Is anyone else getting the impression from Frank's comments to Radio Tarana ( you'll need to read the link to their site ) that he's holding the door open for the Fiji Times to change its ways under the existing ownership? He certainly wasn't flagging a change of owners as a matter of course, as you might expect if that's the regime's agenda. Interesting. Judging from Aiyaz's comments, he and the regime are stung by the overwhelmingly negative publicity Fiji is getting abroad for the draft decree. But really, what do they expect? There doesn't seem to be anyone in the regime who can tell them to their faces that certain negative things will flow from some of their more ill thought out decisions. This guy lived in Australia for a long time, his brother is a journalist with NZ and local experience, and yet he shows precious little understanding of how the regional media would have reacted to the draft decree. You can't take on the biggest media player in the world and threaten to jail local reporters and still expect things to go smoothly. Anyone sensible could have told them that. Is it that they don't listen or don't care? Whatever the answer, Mr AG, don't complain when you cause a storm and get hit by flying wreckage.
immunity for murder???? said…
This comment has been removed by a blog administrator.
Anonymous said…
This comment has been removed by a blog administrator.
Croz said…
@ Anonymous. Please re-post using a real name or pseudonym.
Invictus said…
Teach an ostrich these words “accuracy, fair, and balanced” then the nation will have honest journalists.
BASA said…
Where do we expect to see sugar production in twenty years time? The use of sugar will never cease. It is used in every walk of life. Many people have asked why the sugar industry is dying. There is a simple answer – sugarcane farmers no longer have land to plant on. It’s all gone back to the landowner. They have their reasons for leaving it idle, it’s up to them.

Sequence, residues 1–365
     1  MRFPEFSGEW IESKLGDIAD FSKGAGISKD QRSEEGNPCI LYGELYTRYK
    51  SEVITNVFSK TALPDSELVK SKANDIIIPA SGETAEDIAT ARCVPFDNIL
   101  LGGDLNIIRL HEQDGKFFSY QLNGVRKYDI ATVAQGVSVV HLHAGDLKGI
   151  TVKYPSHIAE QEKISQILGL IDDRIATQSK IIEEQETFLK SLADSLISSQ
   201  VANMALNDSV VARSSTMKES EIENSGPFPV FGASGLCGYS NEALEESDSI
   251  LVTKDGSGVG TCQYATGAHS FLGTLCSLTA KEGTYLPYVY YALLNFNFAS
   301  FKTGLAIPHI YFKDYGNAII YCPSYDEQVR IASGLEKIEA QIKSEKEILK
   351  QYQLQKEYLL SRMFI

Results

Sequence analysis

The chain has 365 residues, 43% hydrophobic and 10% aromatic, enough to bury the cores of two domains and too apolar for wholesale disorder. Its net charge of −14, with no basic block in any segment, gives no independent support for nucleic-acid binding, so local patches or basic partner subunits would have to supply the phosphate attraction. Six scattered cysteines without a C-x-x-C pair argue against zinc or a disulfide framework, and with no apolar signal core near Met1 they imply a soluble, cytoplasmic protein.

One sugarcane farmer and his family now have jobs in various companies around Lautoka. They often go back to visit the landowners and have a basin of yaqona with them. They are still friends. They have a meal together then they organize another “sitting”, sometimes it’s at the former cane farmer’s home. Oh, they get on like a house on fire.

When I meet the former cane farmers they usually say, “We miss the farm. We miss the hard work.” They planted sugarcane and alongside that they had their vegetable farm, which the landowner also ate from. Today they plant their vegetable in their town backyard and sell the surplus on the road. It's grog money, they tell me. And the landowner? He works in a supermarket packing potatoes and sweeping floors and now buys vegetables from the roadside. Oh, they still help each other out.
Anonymous said…
The main reason the sugar industry is dying is because Fiji produces sugar way above the world market price.

So inefficient are our production processes that even with the preferential prices we get from the EU (Fiji was selling its sugar for about three times the world sugar price) our farmers can barely survive.

The return of land to landowners is secondary.

If you as a farmer are getting such poor returns from such a labour-intensive industry, why would you stay?

Yes, there are cases where landowners have refused to extend leases.

We've been conducting studies on the industry since at least the early 80s and they have all said the same thing - Fiji needs to produce sugar cheaper if it is to compete against giant producers like Brazil and Australia, canefarmers need to stop burning cane because it reduces quality, mills need to invest in machinery, the sugar transport system needs improvement, the unions and those in government need to stop politicising it etc, etc, etc.

There is an initial flurry of interest after the study comes out and then it sits on a shelf somewhere collecting dust, ready to resurrected and quoted from when the next study comes around.

TuMa.
TheMax said…
First, why are the threats of murder and kidnapping being made? What is the genesis of it all? If you remove peaceful methods of change from the agenda, what methods are left?

Moreover, how was it that Frank came to power in the first place? When he ordered soldiers with guns into Government offices, were those guns loaded with flowers or candy? If the officials concerned had refused to obey the orders of the soldiers, what would have happened to them?

So what has been sowed, and what is being reaped, in this context?

Secondly, do you see any sustainable way that the support of Fijians is being won?

From where I stand, any support the regime is getting is based almost completely on the PER and the manipulative abuse of the levers of Government power, or supposedly independent bodies like judiciary, the DPP and FICAC.

That means that as soon as Fiji returns to s democratic set-up where people can be freely lobbied, and can decide their own priorities and opinions, then the Regime's agenda will automatically lose the major basis for any support it might have had.

So the only way for them to ensure their agenda in the long term would be to again overthrow democracy and re-impose dictatorial rule and the PER.